I had to put that in quotes, because you still have to pay $27 per person to enter. You can pay to enter many lounges, so I’m not sure how this is even considered a benefit. With the Chase Sapphire Reserve and other premium cards, you get Priority Pass Select access for yourself and guests (depending on the card), so those are far superior to the Barclays offering.
That’s Pretty Much It
Other premium cards come with all kinds of goodies. Airline credits, Uber credits, Gogo wifi passes, Priority Pass Select lounge access for the cardholder and guests, fourth night free hotels, ability to redeem points at 1.5 cents each, bonus earning on travel or other categories, better trip delay or other coverage, etc. I could go on and on. There’s nothing else of note from the Barclays Arrival Premier. Yikes.
How to Fix It
This card is nearly useless in its current form. The only positives are the spend bonuses and the ability to transfer to Japan Airlines, a useful program that only Starwood points can transfer to otherwise. Literally everything else is either standard or below-standard. So how do you fix it?
- Add domestic transfer partners, preferably American Airlines. If they do this, then worst-case-scenario earning rates would be 1.43 points per dollar spent. That’s still the best option we would have available to us for earning AA miles (the only alternative being getting an AA co-branded card).
- Transfer ratios have to be easier to understand. Make it 1:1, even if it means reducing the earning rate to 1.5x on all spend.
- You have to have a sign-up bonus. To be competitive, it should be at least 50K, but if you make it 75K…tons of people would sign up.
- Add something unique…anything. Citi Prestige has 4th night free hotel benefits, Amex Platinum offers 5x on airline and $200 in Uber credits, Chase Sapphire Reserve offers 3x on travel and dining and the ability to redeem points for 1.5 cents each towards travel, The US Bank Altitude Reserve offers 3x on travel and mobile wallet spending and Gogo wifi passes. There is literally nothing special about the card in it’s current form!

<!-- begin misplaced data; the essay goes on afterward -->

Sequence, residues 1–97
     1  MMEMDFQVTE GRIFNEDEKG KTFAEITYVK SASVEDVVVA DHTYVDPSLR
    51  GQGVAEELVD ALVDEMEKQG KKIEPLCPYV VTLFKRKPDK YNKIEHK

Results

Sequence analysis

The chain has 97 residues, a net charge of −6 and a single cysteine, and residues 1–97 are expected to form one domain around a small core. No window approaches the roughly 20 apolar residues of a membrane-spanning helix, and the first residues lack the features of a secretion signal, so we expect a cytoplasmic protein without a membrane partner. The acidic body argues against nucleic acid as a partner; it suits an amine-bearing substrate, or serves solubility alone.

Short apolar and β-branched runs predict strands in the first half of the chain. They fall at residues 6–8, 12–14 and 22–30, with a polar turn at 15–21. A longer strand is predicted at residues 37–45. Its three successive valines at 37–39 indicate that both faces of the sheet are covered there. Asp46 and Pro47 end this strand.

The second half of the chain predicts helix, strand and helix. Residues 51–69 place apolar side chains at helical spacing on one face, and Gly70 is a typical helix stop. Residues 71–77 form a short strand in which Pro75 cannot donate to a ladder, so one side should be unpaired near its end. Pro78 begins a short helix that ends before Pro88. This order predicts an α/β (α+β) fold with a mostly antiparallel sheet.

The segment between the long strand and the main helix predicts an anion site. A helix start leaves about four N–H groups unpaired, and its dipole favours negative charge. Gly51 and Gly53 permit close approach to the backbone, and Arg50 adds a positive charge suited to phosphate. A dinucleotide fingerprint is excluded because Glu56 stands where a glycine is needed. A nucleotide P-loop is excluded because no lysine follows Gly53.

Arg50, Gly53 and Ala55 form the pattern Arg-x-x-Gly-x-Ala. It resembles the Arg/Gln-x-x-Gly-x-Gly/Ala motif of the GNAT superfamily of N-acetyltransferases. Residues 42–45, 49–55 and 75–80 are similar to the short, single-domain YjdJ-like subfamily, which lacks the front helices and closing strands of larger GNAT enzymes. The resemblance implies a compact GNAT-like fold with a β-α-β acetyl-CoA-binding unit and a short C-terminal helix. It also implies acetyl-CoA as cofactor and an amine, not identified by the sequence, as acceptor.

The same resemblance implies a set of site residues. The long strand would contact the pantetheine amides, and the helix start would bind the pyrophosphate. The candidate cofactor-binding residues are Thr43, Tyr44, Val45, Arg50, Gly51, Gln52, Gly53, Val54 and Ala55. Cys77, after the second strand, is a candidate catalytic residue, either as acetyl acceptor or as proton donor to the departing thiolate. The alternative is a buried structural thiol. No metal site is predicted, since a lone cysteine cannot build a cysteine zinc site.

Barclays had the opportunity to really make a name for itself by releasing a competitive card, something that one would think is even more important considering they’re re-branding. Instead, they absolutely blew the opportunity to make some noise. They had the blueprints laid out by the tremendous success of the Chase Sapphire Reserve and instead decided to go in a seemingly opposite direction with the Arrival Premier.
The good news is there are ways to fix it. Adding American Airlines as a transfer partner would go a long way, but there has to be a sign-up bonus and transfer ratios need to be easier to understand. Quite frankly, I would encourage you to NOT sign up for this credit card, because there are so many better options out there. If anyone tells you otherwise then there’s likely an incentive for them to do so.
Hat tip: Doctor of Credit (where I learned about this first)